5 Colors You Should Never Paint A Kitchen

When you begin planning a facelift for your kitchen, the first thing you often think about is color. There are as many shades to choose from as there are places to draw inspiration. However, you might not be familiar with the colors that you should avoid at all costs. Many families will spend hours per day in the kitchen cooking, talking, or sitting. If this sounds like you, you certainly do not want to accidentally paint your space a color that looks nice at first but ultimately ruins your kitchen.

Homes & Gardens chatted with design and color experts who narrowed down five colors that you should never paint your kitchen. These colors are red, bright yellow, beige, dark green, and white. Each of these colors plays a specific role in killing the mood of your kitchen, making it a difficult place to concentrate, unwind, or simply whip up your favorite meal.

Red is too distracting

Before you started reading this, you may have suspected that red would be a part of this list. Red is a controversial paint color no matter which room you choose to use it in. While red can become a gorgeous accent color in the kitchen, Homes & Gardens warns that large applications of red paint in your cooking space can quickly become overwhelming or distracting.

Interestingly, according to Medium, the color red can be used to enhance a person's appetite as well as make your heart race. In psychology, red has been known to make people react quickly and even eat more if the color is used on a table cloth, for example. Fast-food chains such as KFC, McDonald's, and Tim Hortons take advantage of this science by using red throughout their stores and in their marketing. While it's good to be hungry while in your kitchen, you don't want to overdo it. If you want to avoid overeating, don't paint your kitchen red.

Bright yellow can be chaotic

Another color you should keep out of your kitchen is bright yellow. While yellow may bring you feelings of energy, joy, or happiness, it can also become distracting or chaotic when it's used too much. Home & Gardens says that painting your kitchen yellow is sure to distract from all the other decor you've spent your time and money on, including your light fixtures and countertops. Your kitchen doesn't need to be painted a boring color, but fluorescent yellow is not the way to go.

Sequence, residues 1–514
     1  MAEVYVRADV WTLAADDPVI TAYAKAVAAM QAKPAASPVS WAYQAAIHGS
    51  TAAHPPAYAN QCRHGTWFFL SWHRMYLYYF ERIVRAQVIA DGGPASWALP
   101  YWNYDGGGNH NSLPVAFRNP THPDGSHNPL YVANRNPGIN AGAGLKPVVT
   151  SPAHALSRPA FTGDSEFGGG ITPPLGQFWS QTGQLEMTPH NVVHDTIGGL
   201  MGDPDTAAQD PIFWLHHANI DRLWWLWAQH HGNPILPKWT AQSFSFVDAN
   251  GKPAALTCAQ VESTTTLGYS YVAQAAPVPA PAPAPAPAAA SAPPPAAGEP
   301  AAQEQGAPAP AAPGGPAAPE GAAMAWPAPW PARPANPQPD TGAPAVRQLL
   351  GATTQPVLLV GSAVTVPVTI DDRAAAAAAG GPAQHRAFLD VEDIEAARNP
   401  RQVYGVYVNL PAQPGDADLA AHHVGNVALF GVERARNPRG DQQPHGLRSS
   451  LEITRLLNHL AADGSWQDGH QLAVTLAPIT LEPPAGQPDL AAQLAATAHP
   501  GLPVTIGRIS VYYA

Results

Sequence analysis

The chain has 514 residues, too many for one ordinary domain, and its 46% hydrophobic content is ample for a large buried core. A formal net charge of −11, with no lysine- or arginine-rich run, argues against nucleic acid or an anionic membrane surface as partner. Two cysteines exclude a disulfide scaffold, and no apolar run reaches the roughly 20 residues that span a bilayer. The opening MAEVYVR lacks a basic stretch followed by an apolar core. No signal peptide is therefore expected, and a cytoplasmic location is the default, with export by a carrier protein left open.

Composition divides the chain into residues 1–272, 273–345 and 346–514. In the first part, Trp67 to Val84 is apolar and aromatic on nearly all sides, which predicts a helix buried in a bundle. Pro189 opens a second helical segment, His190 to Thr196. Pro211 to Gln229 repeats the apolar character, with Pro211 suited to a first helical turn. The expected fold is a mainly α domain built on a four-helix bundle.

You should also keep in mind that yellow is a warm color. If your kitchen receives a lot of natural light, avoiding exciting yellow paint colors is in your best interest. Warm shades of red, yellow, and orange only add to the heat you begin to feel in your kitchen in the warmer months. While you are preparing a hot meal for your family, it can begin to feel like you're baking too, as per JLR Home Renovation.

Beige is boring

As mentioned before, you don't need to paint your kitchen a boring color, and you shouldn't. Shades of beige and tan are safe choices, but they are also lifeless. When you spend money on remodeling your kitchen, you don't want it to end up seeming unwelcoming or tired due to its paint color. Beige is an extra difficult color because it's easy to go too warm or too gold with it, explains Apartment Therapy. Warm tones such as this one can be annoying and expensive to correct when you decide you dislike them. If you want to go with a safe color, try a light neutral such as brown or gray.

In Detail Interiors adds that beige isn't really a neutral at all in their eyes. The different tones of beige can be impossible to style. Trying to pair decor, appliances, and furniture with your newly painted beige kitchen is likely to disappoint you. The muted warm tones dislike stainless steel refrigerators and cool patterned dining chairs.

Dark green casts shadows

Admittedly, any dark shade is unlikely to work well in a kitchen. Designers such as Home & Gardens often push away dark browns, grays, blues, and even black for use in the kitchen. Colors such as dark green are known to cast shadows that make it difficult to see what you are doing and make the kitchen appear dirtier as a whole.

We are also warned that painting your kitchen a bold, dark color can have an impact on your home's worth for resale. After putting in the effort to remodel your kitchen, the last thing you want to do is inadvertently lower its value. Apartment Therapy notes that getting carried away with unconventional colors like dark green in your kitchen will likely steer potential buyers from your home. However, don't let your green kitchen dreams be dashed. There is still some hope. Antique green and light green kitchens often look great. If you are set on an earthy color palette, explore your options and put dark green to the side.

White feels too clinical

White is an extremely popular color in the kitchen. It looks clean and it's easy to style. You really can't go wrong with white — or can you? The classic white kitchen is now being called cold and clinical by sources such as Dwell. Similar to beige, shades of white are considered boring. Using white as an accent or on your countertops may look great, but a fully white kitchen is a thing of the past.

Also, remember that white cabinets and walls are the most difficult to maintain in a kitchen. Pasta night and cooking greasy foods can wreak havoc on your paint job, causing irreversible staining. Of course, the paint color you choose won't actually save your walls from spills or splatters, but it will make a difference in how noticeable they are. Since the kitchen is typically a busy area, white paint is also more susceptible to scratches and scuffs. Repainting and repairing your white kitchen cabinets, walls, and appliances will take place more often unless you choose a different color.